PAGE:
“Walked out this morning, told Dad what he could do with his meetings and got the bus back, then grabbed my bike” Arthur replied. “Maybe not the best of ideas, but I had had enough of their teachings. This morning we had a preacher who was on about lesbians; said they were the spawn of the devil who corrupted good women into denying their service to men and so to God. Two of my friends are lesbian. They are down at the homeless shelter today giving out soup and bread to the homeless. I don’t see any of the Brethren doing that.”
“I came across him on the marsh road,” Johnny commented, “and thought I‘d better bring him back for a drink. Is there any chance he could stay for dinner?” Arthur looked a bit embarrassed by this request.
“Is there a problem?” I enquired of Arthur.
“No, more a difficulty,” Arthur responded. “Our place is all locked up on the master lock, and Dad has the master key, so my passkey won’t work. I can’t get in till they get home; that’ll be about ten.”
“That is a difficulty. You are certainly welcome to stay for dinner, and you are not going to cycle home in the dark. I’ll take you back to Dunford in the 4X4; we can fit your bike in the back.” Just then Anne arrived, and the whole explanation had to be related again to her.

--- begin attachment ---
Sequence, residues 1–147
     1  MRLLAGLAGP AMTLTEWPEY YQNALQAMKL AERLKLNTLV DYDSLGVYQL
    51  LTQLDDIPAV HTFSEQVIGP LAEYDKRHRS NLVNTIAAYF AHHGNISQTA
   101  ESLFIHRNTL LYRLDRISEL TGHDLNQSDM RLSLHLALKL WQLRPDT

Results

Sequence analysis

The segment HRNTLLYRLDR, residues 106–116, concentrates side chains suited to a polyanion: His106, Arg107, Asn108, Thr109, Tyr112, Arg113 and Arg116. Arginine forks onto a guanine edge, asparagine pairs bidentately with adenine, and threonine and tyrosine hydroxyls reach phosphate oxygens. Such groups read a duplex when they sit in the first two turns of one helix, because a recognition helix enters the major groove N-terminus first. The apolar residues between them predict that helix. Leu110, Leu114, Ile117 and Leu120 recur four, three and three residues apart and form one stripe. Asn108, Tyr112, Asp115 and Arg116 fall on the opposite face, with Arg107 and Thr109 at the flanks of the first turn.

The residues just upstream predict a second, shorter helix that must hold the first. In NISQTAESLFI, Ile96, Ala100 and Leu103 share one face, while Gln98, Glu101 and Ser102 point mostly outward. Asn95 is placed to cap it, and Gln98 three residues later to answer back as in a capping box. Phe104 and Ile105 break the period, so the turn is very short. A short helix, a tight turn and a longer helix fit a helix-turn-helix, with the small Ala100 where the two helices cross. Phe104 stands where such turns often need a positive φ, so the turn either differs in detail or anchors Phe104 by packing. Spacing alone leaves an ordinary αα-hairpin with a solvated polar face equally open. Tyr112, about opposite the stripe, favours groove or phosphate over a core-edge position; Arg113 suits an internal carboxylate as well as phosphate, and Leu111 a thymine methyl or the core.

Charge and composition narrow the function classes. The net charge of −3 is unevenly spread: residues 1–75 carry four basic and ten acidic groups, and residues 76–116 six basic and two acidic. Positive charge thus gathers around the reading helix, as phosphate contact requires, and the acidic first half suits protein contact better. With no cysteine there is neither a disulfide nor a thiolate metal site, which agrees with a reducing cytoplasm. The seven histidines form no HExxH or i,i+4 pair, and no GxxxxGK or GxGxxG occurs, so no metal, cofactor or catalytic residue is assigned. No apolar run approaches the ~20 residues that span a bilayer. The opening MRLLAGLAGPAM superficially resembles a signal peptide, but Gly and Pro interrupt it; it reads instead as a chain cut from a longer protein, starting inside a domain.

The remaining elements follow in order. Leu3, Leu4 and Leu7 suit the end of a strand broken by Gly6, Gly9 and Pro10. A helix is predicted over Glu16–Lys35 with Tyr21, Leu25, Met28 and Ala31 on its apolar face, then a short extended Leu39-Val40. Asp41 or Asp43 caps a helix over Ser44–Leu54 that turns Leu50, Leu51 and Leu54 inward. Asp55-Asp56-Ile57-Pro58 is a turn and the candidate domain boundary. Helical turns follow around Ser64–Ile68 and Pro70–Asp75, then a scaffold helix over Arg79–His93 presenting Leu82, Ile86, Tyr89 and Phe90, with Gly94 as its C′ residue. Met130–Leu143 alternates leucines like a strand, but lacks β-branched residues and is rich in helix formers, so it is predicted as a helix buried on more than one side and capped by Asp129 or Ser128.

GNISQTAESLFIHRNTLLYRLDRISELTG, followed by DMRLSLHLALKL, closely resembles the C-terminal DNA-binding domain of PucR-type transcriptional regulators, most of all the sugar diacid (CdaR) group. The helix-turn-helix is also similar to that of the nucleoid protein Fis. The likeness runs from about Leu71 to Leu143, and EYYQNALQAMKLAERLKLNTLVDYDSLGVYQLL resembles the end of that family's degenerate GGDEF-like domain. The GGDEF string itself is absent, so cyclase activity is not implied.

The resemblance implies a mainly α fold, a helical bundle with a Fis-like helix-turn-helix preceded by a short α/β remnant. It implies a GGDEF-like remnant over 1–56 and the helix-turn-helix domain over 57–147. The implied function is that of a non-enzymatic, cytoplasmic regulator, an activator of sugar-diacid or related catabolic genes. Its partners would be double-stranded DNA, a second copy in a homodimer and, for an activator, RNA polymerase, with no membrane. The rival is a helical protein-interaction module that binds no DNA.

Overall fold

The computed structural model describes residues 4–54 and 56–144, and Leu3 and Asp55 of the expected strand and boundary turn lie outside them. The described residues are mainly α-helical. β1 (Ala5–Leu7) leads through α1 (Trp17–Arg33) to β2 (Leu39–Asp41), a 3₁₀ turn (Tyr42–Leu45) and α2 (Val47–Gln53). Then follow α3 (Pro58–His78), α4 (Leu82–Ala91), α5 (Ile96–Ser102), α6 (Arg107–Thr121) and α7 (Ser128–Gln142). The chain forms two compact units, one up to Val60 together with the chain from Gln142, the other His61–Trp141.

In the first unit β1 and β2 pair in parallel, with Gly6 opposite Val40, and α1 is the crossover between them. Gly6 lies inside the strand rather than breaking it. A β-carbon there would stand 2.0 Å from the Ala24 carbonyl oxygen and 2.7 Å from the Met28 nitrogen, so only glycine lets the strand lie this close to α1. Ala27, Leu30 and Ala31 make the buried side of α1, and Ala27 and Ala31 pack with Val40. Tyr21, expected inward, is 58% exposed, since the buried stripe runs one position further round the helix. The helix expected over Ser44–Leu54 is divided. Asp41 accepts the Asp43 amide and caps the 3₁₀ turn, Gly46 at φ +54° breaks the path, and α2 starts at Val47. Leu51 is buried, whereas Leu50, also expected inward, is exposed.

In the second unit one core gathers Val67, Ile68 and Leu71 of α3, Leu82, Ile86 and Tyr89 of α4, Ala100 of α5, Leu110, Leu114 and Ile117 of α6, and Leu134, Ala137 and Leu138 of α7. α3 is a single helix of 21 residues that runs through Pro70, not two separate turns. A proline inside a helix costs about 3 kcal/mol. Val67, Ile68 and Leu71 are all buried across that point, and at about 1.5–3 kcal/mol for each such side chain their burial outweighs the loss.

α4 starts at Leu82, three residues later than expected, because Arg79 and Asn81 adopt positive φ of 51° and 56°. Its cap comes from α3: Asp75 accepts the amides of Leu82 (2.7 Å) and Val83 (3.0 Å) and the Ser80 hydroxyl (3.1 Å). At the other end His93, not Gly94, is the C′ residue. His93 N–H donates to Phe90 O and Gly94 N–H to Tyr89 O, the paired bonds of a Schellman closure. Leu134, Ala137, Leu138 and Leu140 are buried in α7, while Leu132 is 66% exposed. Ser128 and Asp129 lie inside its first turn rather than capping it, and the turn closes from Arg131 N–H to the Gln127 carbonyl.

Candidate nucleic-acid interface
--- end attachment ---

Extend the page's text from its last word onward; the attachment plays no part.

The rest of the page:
“Shit!” she exclaimed.
“Look Anne, it is a bit of a mess—”
“No, Mike, not that. I just realised I still have the till fob.” I looked at her, and the fob was there hanging on the extension reel that was attached to her belt. She removed it and looked at Johnny. “Could you slip down to the Anchor for me and give this to Jack. I’d do it myself, but I have something of a need for the bathroom.” Johnny said he would and told Arthur he would be back in a few minutes; he left. Anne went off to the bathroom, then to change. I got a bottle of cola out of the fridge and poured a glass for Arthur, indicating he should sit down. Then I jumped in with both feet and asked if there had been a problem between him and Johnny.
“It’s not really a problem, but we had a disagreement last Tuesday. Sorted it out with a few texts, but it was bit tense for a day or so.”
“Did you disagree about sex?” Arthur turned bright red and looked very embarrassed. “Look Arthur, I know Johnny is gay, and he’s told me you are.” He nodded. “Knowing what I know about my son, I guess he was pushing you for sex and you declined.”
“Well I did not decline — just did not go as far as he wanted.”
“Look, Arthur, I suspect that Johnny has had a lot more sexual experience than you have. He is fairly open about his sexuality, and he’s told me he has had quite a few sexual experiences, which I suspect you have not.” I did not think it was possible for somebody to go to the shade of red that Arthur now achieved.
“I’ve never had any sexual experience, and I’m not sure I’m ready for it. Johnny wants to move things on, and I’m not ready yet.”
“I can imagine. Just how far did you get?”
“Just some kissing and fondling.”
“If that is where you are happy, stay there and keep things at a speed you’re comfortable with. Don’t let my son push you into things you are not ready for. If you do that, it will mess you both up.”
“It’s not that easy, Mike; he can be very demanding.”